Category Archives: Articles
With a little over a month left until convention, MRN is excited to congratulate the recipients of the 2017 MRN Awards!
MRN Outstanding Initiative for Multiracial Awareness Award
is presented to
for exemplifying an innovative approach to exploring the unique experiences of multiracial students or professionals
Jenifer Logia is an Outreach Coordinator and Management Fellow for the County of San Mateo, and is also the President and Founder of the UCLA Mixed Alumni Association. She graduated from the University of California, Los Angeles in 2015 with a B.A. in International Development Studies and Asian American Studies.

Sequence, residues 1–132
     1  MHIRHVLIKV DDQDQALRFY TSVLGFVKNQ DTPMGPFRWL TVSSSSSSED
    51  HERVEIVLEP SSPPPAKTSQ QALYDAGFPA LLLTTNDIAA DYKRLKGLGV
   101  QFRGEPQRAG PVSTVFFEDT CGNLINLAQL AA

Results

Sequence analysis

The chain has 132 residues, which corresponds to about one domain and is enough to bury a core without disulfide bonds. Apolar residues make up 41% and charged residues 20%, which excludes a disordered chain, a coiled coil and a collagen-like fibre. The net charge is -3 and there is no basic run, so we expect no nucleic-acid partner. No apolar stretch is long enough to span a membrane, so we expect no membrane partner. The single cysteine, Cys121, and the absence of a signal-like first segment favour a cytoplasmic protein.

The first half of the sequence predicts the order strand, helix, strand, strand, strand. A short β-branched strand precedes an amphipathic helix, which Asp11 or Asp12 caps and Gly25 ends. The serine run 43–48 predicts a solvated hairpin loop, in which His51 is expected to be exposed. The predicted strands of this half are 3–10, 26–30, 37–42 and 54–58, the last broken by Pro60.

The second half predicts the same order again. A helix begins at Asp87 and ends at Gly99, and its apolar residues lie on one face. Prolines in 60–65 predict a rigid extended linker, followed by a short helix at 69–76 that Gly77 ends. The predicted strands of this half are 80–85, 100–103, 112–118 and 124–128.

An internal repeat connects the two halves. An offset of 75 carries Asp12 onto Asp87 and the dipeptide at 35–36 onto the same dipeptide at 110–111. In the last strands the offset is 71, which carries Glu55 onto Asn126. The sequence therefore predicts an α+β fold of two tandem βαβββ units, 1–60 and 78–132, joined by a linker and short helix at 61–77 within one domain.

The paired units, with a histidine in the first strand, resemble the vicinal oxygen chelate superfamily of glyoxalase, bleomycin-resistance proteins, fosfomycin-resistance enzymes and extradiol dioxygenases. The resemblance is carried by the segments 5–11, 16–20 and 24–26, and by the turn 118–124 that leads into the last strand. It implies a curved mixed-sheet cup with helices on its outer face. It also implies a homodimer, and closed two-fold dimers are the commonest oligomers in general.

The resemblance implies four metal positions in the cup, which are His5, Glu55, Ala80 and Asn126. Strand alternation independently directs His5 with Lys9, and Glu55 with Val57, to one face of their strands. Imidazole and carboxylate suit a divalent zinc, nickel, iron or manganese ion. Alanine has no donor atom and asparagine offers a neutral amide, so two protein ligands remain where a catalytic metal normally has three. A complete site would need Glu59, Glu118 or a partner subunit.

As an undergraduate student, Jenifer served as a board member for the Mixed Student Union at UCLA for one year, and as co-director of the student organization for two years. Through Mixed Student Union, she helped organize the first and second annual Mixed Heritage Conference at UCLA, which was featured in the Los Angeles Times in 2013, and had over 100 attendees in 2014.
As President of the UCLA Mixed Alumni Association, Jenifer coordinates with UCLA alumni, students, and staff to plan events for alumni of mixed heritage/multiracial identity, and provides support for current undergraduate students.
Jenifer works in the County Manager’s Office in San Mateo County, engaging predominantly low-income residents in a variety of community development initiatives in the Bay Area.
MRN Professional of the Year Award
is presented to
For exemplifying significant achievements and contributions to their institution(s) regarding the promotion and encouragement of multiculturalism